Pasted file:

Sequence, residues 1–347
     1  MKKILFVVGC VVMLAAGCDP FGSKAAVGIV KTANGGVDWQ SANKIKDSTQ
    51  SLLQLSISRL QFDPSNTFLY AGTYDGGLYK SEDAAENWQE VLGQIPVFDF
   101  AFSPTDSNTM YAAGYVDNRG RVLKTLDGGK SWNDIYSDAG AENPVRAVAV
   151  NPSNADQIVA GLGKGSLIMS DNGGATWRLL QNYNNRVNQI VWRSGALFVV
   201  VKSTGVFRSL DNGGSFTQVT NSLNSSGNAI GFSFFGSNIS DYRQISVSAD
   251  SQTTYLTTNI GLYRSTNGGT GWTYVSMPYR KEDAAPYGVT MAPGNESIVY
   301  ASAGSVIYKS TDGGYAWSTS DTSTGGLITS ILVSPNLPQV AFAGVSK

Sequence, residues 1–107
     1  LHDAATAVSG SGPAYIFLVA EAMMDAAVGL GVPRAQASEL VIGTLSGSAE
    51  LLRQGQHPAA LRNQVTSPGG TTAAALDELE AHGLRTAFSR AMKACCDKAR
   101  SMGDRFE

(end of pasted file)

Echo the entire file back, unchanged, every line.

Sequence, residues 1–347
     1  MKKILFVVGC VVMLAAGCDP FGSKAAVGIV KTANGGVDWQ SANKIKDSTQ
    51  SLLQLSISRL QFDPSNTFLY AGTYDGGLYK SEDAAENWQE VLGQIPVFDF
   101  AFSPTDSNTM YAAGYVDNRG RVLKTLDGGK SWNDIYSDAG AENPVRAVAV
   151  NPSNADQIVA GLGKGSLIMS DNGGATWRLL QNYNNRVNQI VWRSGALFVV
   201  VKSTGVFRSL DNGGSFTQVT NSLNSSGNAI GFSFFGSNIS DYRQISVSAD
   251  SQTTYLTTNI GLYRSTNGGT GWTYVSMPYR KEDAAPYGVT MAPGNESIVY
   301  ASAGSVIYKS TDGGYAWSTS DTSTGGLITS ILVSPNLPQV AFAGVSK

Sequence, residues 1–107
     1  LHDAATAVSG SGPAYIFLVA EAMMDAAVGL GVPRAQASEL VIGTLSGSAE
    51  LLRQGQHPAA LRNQVTSPGG TTAAALDELE AHGLRTAFSR AMKACCDKAR
   101  SMGDRFE